Looking back, I owe the development of my adult aesthetic to my first boyfriend’s terrific taste in cars. In the years we dated I was so shy I never uttered his name – it was Billy – though we managed to find intimacy in other ways that are inextricably linked in my mind with a Ford Falcon coupe and a 1966 Morris Mini Cooper. My general awakening occurred in 1973, the year I became aware of Richard Nixon as a dramatic character, and the beginning (for me) of the special period known as the sexual revolution. I spent every day that summer babysitting a curly-headed child who napped through the numbing Watergate hearings, which I watched on the family’s black and white television while their retriever obsessively humped my leg. Mostly, I sympathized with the dog’s longing – his desperation, really. Evenings and weekends, Billy and I drove around the island where we lived, walked along the shore paths and on the beach, climbed the rocky granite mountains – and drove around in awkward silence, as I was too shy to speak.
Much more than any specific physical contact between us, I remember the feelings produced by Billy’s appearance at my house in his Ford Falcon or his Morris Mini. I remember my mother’s near-panic, a generalized condition having to do with roads, snow, boys, accidents. The thrill of seeing her eyes wide with a sort of terrified anticipation. The only thing she wasn’t worried about was sex. Copies of Our Bodies, Ourselves, The Joy of Sex, and The Sensuous Woman by J stood stacked up on our living room coffee table next to a silver box of cigarettes. The tableau – sex books, cigarettes – looked composed, like some kind of organized suggestion. Or like homework.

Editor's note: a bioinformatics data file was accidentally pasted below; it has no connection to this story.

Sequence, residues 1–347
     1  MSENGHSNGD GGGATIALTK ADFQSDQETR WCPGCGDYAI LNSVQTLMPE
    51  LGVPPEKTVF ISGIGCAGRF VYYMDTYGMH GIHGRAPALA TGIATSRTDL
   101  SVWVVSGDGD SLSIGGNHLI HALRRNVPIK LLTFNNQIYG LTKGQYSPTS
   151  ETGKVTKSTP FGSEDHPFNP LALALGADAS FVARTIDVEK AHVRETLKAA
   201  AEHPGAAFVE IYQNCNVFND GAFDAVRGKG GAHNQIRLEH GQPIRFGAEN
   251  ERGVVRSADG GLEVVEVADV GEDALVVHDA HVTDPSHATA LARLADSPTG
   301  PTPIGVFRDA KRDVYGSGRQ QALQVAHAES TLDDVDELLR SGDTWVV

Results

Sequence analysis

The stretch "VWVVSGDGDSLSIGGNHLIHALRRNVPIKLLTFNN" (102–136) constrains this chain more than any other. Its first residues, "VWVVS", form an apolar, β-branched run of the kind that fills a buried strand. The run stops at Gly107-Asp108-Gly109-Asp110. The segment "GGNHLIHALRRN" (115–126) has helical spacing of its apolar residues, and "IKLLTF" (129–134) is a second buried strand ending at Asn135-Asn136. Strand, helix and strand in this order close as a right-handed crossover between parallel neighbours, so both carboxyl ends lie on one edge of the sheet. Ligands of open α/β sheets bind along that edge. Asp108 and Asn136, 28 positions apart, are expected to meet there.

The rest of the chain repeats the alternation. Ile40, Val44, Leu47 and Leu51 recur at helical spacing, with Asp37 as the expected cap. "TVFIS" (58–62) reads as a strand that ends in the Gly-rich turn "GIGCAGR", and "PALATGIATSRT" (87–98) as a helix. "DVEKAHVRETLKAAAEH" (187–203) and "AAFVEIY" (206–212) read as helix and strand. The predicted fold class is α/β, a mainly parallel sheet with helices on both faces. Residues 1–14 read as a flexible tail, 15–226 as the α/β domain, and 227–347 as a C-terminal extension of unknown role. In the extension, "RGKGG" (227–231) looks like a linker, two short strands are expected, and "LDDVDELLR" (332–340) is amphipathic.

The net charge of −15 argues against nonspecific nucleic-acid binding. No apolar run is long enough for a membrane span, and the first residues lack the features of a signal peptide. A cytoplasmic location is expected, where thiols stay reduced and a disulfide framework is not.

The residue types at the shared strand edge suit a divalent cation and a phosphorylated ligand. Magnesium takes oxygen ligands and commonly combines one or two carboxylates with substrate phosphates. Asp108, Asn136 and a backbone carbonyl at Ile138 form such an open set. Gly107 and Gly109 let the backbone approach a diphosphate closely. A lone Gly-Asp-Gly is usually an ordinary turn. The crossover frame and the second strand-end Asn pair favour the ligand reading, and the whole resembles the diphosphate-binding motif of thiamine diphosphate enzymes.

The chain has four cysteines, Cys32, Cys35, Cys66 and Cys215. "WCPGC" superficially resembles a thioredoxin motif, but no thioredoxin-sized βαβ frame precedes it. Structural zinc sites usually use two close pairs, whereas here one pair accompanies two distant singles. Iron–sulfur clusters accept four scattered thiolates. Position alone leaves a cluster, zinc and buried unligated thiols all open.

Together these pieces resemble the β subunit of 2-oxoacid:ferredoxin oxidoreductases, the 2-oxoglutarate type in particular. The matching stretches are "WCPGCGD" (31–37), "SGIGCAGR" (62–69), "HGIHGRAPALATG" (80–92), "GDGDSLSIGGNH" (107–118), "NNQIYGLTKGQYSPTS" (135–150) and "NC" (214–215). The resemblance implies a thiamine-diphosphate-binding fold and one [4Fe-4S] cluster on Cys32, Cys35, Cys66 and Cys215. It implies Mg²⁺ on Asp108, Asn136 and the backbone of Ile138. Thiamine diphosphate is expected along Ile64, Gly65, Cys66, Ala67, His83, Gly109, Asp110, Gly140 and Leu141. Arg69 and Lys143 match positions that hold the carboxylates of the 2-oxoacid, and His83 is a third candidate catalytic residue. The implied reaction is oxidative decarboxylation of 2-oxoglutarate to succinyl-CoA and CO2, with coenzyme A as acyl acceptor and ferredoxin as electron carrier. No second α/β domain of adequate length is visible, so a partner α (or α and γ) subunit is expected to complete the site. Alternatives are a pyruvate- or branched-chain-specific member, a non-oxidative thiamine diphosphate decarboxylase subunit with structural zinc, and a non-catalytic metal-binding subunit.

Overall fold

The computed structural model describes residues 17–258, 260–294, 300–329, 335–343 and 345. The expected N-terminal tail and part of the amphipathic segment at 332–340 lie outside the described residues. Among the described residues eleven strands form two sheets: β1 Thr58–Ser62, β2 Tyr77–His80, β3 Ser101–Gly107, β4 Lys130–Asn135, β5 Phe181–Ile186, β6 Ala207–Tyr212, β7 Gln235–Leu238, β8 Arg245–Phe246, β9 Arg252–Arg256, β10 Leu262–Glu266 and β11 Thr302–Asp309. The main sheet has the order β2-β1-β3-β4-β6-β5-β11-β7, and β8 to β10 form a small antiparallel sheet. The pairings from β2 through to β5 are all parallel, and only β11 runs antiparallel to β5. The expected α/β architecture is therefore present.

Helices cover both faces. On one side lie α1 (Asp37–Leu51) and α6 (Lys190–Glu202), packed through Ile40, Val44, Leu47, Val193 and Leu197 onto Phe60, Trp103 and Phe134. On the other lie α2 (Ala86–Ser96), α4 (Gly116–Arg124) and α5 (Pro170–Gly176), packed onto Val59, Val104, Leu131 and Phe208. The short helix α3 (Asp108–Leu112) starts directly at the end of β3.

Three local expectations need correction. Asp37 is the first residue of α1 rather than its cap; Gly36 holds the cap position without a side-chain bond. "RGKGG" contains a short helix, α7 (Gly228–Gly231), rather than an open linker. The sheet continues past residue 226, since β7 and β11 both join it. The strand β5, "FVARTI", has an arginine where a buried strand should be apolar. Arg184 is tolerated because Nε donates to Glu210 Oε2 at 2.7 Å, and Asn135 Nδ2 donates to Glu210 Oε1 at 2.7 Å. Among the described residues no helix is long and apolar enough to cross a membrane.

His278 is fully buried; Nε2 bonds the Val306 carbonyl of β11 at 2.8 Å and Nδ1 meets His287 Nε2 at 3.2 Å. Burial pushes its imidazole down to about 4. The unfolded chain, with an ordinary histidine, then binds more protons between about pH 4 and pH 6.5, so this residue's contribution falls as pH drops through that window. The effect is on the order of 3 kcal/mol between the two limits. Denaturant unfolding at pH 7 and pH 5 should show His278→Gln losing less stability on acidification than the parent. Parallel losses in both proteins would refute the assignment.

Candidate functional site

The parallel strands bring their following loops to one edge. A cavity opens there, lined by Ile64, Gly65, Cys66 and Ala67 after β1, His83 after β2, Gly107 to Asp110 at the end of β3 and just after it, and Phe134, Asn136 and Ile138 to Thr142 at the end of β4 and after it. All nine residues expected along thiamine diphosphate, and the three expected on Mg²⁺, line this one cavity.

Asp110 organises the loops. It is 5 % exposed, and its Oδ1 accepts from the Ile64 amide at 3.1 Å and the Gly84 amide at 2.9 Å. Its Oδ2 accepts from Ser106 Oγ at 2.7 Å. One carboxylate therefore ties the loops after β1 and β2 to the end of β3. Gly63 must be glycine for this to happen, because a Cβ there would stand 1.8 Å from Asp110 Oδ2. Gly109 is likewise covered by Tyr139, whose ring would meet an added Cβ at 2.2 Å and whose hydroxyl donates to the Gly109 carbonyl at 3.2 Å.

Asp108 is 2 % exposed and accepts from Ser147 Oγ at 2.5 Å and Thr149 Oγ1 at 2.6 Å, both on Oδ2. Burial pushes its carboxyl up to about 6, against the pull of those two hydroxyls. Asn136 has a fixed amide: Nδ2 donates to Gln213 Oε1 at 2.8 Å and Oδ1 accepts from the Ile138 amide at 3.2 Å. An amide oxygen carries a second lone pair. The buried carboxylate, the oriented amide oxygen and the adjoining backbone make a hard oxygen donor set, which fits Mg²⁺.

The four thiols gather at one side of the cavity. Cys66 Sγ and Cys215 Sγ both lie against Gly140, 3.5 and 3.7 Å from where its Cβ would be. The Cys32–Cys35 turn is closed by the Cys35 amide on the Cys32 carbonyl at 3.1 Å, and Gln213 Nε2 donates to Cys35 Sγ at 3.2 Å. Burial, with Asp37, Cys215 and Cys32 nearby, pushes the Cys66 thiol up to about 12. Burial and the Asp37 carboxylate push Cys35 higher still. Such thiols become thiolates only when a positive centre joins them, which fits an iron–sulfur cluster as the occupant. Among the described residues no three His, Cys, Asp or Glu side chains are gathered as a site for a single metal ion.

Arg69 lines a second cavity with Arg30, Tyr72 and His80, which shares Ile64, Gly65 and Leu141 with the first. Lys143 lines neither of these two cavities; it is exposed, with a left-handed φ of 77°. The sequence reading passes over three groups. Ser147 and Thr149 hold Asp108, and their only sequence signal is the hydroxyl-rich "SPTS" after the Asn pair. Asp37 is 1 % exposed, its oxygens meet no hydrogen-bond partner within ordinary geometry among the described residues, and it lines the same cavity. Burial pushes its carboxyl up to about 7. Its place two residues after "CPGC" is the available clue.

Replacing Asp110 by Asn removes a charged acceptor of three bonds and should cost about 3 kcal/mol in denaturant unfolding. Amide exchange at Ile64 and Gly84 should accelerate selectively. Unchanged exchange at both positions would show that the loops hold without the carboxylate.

Women my mother’s age were all going crazy with restlessness and envy, reading I Know Why the Caged Bird Sings, or else they were divorcing, changing everything. My mother, who was already single, had always driven big, round, hand-me-down cars from my nana – a 1955 Chevy and later a 1959 Nash Rambler. The cars came to us because they were too old to be reliable in the frigid New England winters. I remember the heavy sound of dead alternators, the wheeze of their flooded engines as I sat beside my mother on the long bench seat, beltless, almost weightless, my knee socks pulled up and my required dress pulled down to cover my knees, knobbed and white as frosted cupcakes. Our family cars were a testament to outdated values – roundness, stability, dim coloring, American-ness. My mother was trying to bust loose – to liberate herself from the constraints of the cold-war conservative patriarchal structures that oppressed her economically and socially. When she finally got tenure on the cusp of the Me Decade she bought her first new car, a brand-new orange Maverick with a spoiler and black racing stripes.